Michelle Obama’s initiative to dictate what schools can and can’t sell has gone over as well as discovering a pickle in a peanut butter sandwich.
Heck, even a Second grader said FLOTUS ruined Taco Tuesday.
For a few years now, we’ve seen the students in public schools reject the government regulated school lunches. They’ve turned up their noses, tweeted pictures of the rather disgusting items deemed ‘good for them’ by our Lunch Overlords.
For fun, go search “My School Lunch Sucks” on Twitter. Parents are in that Twitter mix:
My 5th grader, who eats anything, comes home hungry on the rare occasions he buys school lunch. “The food sucks, dad.” #ThanksMichelle
— Carl Gustav (@CaptYonah) March 19, 2013
Now kids are turning to condiments like salt and pepper to ease the pain. These kids are so desperate, they are selling salt and pepper in the halls, however, these items are “contraband”.
School lunches are so bland that kids are selling salt and pepper to spice them up, a school official told lawmakers Wednesday.
This “contraband economy” is result of the Healthy, Hunger-Free Kids Act Of 2010, said John Payne, a school board president in Indiana.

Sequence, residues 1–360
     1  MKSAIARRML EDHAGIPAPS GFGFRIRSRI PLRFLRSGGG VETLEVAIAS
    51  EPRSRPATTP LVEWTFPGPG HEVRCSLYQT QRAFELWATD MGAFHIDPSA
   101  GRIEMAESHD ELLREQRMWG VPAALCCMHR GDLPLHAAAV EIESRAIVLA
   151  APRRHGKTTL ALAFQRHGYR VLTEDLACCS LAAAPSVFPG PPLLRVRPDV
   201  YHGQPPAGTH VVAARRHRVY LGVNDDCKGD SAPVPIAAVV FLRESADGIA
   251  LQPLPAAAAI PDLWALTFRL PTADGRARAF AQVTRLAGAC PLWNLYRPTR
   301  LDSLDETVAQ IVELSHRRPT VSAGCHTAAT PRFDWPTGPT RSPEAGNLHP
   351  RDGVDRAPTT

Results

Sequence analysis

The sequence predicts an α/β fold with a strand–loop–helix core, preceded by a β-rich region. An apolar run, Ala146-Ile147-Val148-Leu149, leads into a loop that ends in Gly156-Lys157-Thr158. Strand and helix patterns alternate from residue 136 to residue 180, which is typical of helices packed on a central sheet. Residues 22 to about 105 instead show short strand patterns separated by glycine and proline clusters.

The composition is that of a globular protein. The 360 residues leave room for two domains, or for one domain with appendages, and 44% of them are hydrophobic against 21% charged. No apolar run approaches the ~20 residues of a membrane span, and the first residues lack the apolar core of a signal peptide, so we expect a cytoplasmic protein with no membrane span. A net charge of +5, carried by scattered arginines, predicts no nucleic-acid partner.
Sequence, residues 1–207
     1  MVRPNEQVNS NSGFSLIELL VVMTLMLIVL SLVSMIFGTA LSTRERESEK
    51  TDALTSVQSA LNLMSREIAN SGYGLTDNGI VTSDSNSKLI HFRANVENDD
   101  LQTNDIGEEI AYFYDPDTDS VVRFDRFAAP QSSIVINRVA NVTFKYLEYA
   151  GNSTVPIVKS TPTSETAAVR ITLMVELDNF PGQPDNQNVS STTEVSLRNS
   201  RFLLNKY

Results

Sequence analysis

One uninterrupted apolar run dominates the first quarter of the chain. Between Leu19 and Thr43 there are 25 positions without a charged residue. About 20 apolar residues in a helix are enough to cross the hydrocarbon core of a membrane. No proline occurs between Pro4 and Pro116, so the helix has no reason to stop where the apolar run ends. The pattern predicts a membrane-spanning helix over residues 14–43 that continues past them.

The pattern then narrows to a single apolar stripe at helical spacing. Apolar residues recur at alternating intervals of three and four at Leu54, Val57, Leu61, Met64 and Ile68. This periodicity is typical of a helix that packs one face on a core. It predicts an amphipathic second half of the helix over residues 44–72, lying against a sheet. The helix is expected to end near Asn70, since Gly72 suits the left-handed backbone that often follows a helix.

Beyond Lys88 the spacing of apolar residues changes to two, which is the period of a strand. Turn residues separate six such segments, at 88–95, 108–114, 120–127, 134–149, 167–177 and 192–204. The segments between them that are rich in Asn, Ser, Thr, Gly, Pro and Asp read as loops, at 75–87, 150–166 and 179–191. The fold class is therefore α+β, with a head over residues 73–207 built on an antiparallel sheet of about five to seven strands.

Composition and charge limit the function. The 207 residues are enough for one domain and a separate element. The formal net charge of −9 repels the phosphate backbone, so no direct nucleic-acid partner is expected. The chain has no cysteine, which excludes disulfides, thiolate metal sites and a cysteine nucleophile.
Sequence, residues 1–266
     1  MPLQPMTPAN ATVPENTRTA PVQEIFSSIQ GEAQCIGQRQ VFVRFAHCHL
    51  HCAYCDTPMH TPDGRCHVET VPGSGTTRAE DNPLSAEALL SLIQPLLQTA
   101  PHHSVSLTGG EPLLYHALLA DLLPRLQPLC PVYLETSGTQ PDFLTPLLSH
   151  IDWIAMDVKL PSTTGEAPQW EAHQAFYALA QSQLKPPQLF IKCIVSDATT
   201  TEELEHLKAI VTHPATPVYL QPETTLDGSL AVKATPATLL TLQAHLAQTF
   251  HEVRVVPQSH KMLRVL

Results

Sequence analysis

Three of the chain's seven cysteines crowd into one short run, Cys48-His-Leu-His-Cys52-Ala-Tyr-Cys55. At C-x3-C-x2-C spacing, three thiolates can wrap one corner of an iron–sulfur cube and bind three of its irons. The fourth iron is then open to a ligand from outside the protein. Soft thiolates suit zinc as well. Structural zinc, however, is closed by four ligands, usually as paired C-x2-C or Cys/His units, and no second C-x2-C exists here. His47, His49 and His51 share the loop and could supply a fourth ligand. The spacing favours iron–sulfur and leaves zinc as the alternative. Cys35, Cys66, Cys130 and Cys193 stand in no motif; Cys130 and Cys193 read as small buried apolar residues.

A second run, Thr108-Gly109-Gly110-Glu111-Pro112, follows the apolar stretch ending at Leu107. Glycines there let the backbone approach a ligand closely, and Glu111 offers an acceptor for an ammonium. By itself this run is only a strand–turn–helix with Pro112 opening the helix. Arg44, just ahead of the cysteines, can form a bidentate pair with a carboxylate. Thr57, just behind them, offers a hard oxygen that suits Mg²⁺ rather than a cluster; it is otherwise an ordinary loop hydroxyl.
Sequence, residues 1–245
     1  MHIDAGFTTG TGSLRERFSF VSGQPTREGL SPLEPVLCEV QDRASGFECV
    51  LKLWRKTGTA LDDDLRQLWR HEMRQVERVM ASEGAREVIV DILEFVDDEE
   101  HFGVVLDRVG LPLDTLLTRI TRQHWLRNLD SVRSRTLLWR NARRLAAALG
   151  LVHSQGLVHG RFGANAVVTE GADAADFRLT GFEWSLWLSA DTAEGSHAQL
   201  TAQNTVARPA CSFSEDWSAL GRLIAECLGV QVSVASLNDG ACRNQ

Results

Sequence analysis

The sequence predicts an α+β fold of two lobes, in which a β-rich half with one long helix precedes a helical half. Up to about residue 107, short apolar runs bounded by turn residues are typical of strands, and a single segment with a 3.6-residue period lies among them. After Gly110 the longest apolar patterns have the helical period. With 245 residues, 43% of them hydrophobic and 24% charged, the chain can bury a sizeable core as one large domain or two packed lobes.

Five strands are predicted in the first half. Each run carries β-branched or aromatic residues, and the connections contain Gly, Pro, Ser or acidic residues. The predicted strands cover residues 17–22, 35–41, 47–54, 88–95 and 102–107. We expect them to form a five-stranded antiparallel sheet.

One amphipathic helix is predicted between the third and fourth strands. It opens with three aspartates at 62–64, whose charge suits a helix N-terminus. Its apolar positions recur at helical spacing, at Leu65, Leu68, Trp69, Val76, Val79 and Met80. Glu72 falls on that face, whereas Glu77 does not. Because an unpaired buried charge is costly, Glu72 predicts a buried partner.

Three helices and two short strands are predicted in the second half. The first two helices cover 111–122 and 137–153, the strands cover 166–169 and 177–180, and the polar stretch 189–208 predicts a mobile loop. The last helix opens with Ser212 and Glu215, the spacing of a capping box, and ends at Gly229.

The 2010 bill directed the U.S. Department of Agriculture to create national standards for food served and sold in schools, which included limits on what could be served and how much, as well as a maximum amount of calories that can be included in school meals.
Payne, president of the Blackford County School Board in Hartford City, Ind., told House lawmakers that students in his school district have been “caught bringing in — and even selling — salt, pepper and sugar in school to add taste to perceived bland and tasteless cafeteria food.”
Payne said the USDA standards are strangling school districts by making them provide food students won’t eat in addition to increasing the cost of lunch for school districts.
Stay with me here, because North Carolina participates in this micromanaging nanny state lunacy. Washington Examiner continues:
Lynn Harvey, of North Carolina’s school nutrition services, testified that participation in school meals has dropped 5 percent in North Carolina under the new restrictions even as enrollment has increased.
Ninety percent of North Carolina school nutrition directors said a requirement that all grains must be whole grain is the main culprit, Harvey said.
For example, Harvey said that since breakfast biscuits were switched to whole grain, participation in breakfast has dropped in 60 percent of her state’s school districts.
“No amount of training or technical assistance for schools will change students’ distaste for foods that look and taste unappealing to them,” she said.
How much food is wasted? How much money is going into the garbage along with uneaten food?
Related: New Hanover school district to offer free summer lunches …even though school is out. Who is paying?